Killing characters in video games kills memory for in-game ads.

Robert B. Lull, Bryan Gibson, Carlos Cruz, Brad J. Bushman

Research output: Contribution to journalReview articlepeer-review

9 Scopus citations

Abstract

Evolutionary theory predicts that people attend to emotionally arousing cues at the expense of less arousing cues. Violence is one emotionally arousing cue that attracts attention away from less arousing cues located in the same visual environment. Previous research has shown that violent media content attracts attention at the expense of brands advertised during violent media content. We predicted that participants who played a video game violently would recall and recognize fewer brands than participants who played the same game nonviolently. In Study 1, participants (N = 154) drove cars in the game The Getaway while real brands appeared within the city. Half of the participants played the game violently (running over characters) and half of the participants played the game nonviolently (carefully avoiding characters). Violent players recalled and recognized fewer brands than did nonviolent players. In Study 2, participants (N = 102) drove cars in the game Grand Theft Auto: San Andreas while fictitious brands were advertised on their vehicles. Half of the participants played the game violently (running over characters) and half of the participants played the game nonviolently (carefully avoiding characters). Violent players were less likely to recognize advertised brands than were nonviolent players. Not enough participants recalled brands to test whether violent players recalled fewer brands than did nonviolent players. These results across both studies suggest that within-game violence reduces the effectiveness of product placement, such that brands advertised in violent video games are less likely to be remembered than brands advertised in nonviolent video games.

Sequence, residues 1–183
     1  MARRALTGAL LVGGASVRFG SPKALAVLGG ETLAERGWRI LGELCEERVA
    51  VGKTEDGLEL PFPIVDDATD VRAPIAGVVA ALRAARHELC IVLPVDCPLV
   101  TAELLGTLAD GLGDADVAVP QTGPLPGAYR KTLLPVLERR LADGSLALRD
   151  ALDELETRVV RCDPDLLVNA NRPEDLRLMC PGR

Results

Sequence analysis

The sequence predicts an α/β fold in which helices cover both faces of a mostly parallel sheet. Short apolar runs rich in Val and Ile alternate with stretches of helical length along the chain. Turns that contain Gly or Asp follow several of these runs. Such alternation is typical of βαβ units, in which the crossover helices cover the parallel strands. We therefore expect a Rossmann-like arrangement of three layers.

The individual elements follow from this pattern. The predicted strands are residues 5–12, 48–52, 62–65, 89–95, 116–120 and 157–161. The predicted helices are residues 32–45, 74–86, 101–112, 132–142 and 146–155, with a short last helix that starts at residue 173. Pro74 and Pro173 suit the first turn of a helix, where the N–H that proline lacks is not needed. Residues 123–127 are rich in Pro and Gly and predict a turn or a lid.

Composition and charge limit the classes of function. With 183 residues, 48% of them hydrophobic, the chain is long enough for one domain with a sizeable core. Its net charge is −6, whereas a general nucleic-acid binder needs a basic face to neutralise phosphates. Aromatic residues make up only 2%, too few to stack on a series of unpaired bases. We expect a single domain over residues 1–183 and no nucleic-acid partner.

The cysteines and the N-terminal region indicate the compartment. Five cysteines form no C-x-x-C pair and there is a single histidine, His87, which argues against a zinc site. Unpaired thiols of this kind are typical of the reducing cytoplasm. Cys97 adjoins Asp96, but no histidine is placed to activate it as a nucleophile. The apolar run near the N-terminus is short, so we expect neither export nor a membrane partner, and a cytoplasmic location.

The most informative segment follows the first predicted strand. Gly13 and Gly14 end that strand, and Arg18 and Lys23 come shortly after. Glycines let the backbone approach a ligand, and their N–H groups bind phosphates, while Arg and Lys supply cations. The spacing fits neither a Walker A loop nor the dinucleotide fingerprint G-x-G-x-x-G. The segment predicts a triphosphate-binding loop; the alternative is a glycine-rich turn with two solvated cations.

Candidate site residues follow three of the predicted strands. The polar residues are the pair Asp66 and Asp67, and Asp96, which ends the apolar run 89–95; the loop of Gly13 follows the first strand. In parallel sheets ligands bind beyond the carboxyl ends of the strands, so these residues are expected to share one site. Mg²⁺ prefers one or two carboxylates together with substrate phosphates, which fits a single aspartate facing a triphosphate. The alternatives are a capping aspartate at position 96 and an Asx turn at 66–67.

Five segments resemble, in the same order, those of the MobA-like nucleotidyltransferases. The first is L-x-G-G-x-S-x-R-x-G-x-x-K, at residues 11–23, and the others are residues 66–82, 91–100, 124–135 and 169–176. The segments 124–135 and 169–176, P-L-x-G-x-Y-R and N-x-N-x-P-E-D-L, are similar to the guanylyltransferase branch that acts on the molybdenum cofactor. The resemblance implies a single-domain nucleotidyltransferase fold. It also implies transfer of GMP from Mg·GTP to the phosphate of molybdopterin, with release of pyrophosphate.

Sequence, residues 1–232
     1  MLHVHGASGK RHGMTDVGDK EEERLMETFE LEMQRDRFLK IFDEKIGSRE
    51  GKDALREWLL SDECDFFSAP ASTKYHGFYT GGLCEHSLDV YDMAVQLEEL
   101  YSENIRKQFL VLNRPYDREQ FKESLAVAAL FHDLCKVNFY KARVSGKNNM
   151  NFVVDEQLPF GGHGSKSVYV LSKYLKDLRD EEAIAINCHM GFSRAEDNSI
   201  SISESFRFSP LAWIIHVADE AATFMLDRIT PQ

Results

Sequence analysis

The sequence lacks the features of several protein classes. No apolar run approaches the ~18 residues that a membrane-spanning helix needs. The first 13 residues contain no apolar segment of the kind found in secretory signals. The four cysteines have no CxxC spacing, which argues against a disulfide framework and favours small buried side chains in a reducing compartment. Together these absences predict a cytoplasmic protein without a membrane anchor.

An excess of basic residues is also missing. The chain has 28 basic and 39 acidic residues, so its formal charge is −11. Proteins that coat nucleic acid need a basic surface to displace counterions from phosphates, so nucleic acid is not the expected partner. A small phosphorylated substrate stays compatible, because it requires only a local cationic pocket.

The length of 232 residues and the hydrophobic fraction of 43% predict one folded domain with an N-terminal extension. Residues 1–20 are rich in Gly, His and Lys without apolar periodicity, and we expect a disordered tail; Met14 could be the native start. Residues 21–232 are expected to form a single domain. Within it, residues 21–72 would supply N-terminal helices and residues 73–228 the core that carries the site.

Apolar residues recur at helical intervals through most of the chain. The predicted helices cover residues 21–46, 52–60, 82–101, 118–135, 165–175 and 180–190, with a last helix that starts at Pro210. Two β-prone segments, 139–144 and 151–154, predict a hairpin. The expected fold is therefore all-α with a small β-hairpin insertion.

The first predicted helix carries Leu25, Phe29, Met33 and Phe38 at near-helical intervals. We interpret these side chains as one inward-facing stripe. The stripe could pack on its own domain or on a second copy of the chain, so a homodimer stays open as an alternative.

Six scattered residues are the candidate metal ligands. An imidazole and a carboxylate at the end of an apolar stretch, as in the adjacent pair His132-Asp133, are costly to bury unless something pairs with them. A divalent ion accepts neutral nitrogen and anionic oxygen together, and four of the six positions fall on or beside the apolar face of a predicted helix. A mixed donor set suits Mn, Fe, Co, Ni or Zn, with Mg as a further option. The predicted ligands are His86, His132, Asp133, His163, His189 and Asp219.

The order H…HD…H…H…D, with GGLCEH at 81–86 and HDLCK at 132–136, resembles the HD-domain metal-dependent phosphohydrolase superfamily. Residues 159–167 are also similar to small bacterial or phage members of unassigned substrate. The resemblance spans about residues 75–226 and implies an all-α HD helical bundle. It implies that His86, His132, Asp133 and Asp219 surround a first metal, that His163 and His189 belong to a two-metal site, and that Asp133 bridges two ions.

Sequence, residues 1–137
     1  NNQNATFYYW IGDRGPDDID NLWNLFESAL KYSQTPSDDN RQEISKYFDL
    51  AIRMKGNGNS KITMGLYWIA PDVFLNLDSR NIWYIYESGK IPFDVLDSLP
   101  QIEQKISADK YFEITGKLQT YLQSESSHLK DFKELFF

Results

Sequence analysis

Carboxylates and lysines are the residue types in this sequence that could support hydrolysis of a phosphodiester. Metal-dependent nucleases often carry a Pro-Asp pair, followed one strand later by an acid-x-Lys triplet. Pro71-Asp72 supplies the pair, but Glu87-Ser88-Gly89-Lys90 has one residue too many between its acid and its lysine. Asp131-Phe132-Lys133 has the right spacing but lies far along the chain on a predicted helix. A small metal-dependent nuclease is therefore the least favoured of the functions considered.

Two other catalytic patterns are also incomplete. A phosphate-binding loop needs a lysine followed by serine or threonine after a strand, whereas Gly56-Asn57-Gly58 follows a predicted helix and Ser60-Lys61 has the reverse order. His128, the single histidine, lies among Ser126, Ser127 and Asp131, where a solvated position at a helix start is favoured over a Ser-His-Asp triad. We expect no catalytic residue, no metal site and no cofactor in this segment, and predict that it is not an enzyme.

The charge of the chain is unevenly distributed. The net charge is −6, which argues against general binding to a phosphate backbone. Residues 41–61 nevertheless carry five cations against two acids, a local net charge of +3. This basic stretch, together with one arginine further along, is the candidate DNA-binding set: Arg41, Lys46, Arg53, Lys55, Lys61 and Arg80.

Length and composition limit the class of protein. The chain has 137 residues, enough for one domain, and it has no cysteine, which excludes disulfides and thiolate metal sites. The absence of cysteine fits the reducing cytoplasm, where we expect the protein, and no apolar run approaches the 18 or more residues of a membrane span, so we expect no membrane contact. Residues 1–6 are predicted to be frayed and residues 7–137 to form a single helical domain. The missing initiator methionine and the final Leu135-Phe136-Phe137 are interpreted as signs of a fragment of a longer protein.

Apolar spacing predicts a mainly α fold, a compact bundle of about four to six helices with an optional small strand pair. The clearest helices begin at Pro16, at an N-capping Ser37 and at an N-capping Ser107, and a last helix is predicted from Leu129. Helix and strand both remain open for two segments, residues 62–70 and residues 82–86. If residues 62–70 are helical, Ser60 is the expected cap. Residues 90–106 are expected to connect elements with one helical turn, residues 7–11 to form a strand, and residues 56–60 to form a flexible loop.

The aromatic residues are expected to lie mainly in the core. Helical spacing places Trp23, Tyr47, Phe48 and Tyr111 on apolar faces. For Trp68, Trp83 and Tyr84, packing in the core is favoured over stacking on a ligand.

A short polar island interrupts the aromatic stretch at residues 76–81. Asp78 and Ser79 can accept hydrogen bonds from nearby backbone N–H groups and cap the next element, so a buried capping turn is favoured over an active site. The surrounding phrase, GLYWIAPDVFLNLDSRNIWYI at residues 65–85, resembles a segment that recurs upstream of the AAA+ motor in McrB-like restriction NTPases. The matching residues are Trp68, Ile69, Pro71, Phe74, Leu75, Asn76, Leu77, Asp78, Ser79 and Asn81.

Original languageEnglish
Pages (from-to)87-97
Number of pages11
JournalPsychology of Popular Media Culture
Volume7
Issue number1
DOIs
StatePublished - Jan 2018

Keywords

  • brand memory
  • product placement
  • video game advertising
  • violent video games

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